Journal of Behavioral Medicine

, Volume 35, Issue 6, pp 581–590 | Cite as

Racial discrimination and substance use: longitudinal associations and identity moderators

  • Thomas E. Fuller-RowellEmail author
  • Courtney D. Cogburn
  • Amanda B. Brodish
  • Stephen C. Peck
  • Oksana Malanchuk
  • Jacquelynne S. Eccles


Current research indicates that racial discrimination is pervasive in the lives of African Americans. Although there are a variety of ways in which discrimination may contribute to health, one potentially important pathway is through its impact on substance use. Addressing the paucity of longitudinal research on this topic, the present study examined the influence of teacher discrimination on changes in substance use over time among African American adolescents and considered three dimensions of racial identity as moderators of this association (centrality, private regard, and public regard). Latent variable SEM analyses indicated that, on average, levels of discrimination were associated with increases in substance use across the high school years. However, public regard was found to moderate this association such that discrimination was less strongly associated with increases in substance use for individual who reported lower levels of public regard. The implications of these findings are discussed.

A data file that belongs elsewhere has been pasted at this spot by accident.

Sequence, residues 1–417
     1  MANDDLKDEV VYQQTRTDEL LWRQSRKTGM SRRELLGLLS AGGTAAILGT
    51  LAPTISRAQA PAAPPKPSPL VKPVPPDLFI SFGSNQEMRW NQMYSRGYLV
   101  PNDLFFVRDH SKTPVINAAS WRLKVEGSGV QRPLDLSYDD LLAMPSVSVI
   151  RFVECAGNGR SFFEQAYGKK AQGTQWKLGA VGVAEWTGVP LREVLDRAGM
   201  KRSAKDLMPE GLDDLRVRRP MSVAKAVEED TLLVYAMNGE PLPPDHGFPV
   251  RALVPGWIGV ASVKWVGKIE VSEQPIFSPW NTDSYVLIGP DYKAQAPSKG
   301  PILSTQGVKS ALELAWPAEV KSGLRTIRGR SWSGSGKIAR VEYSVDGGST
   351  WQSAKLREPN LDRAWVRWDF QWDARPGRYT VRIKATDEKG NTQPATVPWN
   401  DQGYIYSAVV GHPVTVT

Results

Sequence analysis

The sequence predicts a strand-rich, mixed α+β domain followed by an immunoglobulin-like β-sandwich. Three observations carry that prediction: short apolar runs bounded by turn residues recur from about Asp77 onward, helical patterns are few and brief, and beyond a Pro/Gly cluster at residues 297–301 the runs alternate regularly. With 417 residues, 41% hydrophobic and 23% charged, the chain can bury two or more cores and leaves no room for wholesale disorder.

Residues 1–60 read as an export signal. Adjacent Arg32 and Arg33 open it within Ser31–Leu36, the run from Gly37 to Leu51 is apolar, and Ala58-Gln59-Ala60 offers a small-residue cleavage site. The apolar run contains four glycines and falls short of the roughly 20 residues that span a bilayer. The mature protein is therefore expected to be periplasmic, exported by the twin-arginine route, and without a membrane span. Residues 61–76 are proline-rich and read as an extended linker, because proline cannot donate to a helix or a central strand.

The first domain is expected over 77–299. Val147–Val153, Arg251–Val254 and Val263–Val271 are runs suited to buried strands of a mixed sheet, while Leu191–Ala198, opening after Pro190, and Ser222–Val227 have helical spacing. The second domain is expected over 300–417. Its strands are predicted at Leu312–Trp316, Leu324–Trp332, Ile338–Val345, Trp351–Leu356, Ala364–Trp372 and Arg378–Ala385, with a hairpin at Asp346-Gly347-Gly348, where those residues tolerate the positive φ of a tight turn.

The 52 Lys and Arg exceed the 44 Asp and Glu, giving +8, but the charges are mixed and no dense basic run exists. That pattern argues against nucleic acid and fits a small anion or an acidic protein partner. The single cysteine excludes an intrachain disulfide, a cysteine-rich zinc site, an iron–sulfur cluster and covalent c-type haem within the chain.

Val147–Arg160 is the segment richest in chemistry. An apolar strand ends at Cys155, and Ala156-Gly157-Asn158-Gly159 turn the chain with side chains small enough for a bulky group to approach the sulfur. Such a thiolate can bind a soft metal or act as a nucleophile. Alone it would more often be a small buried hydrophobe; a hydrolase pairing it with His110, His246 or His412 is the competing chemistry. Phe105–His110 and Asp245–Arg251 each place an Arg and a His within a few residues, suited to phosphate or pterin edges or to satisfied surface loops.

Racial discrimination Stress Substance use Identity African American Health disparities 



Support for this research was provided by the National Institute of Child Health and Human Development grant 1R01HD048970-01A2, the National Institute on Aging grant RC2 AG036780-01, and the Robert Wood Johnson Foundation Health & Society Scholars program.


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Copyright information

© Springer Science+Business Media, LLC 2011

Authors and Affiliations

  • Thomas E. Fuller-Rowell
    • 1
    Email author
  • Courtney D. Cogburn
    • 2
  • Amanda B. Brodish
    • 2
  • Stephen C. Peck
    • 2
  • Oksana Malanchuk
    • 2
  • Jacquelynne S. Eccles
    • 2
  1. 1.Robert Wood Johnson Foundation Health and Society ScholarUniversity of WisconsinMadisonUSA
  2. 2.University of MichiganAnn ArborUSA

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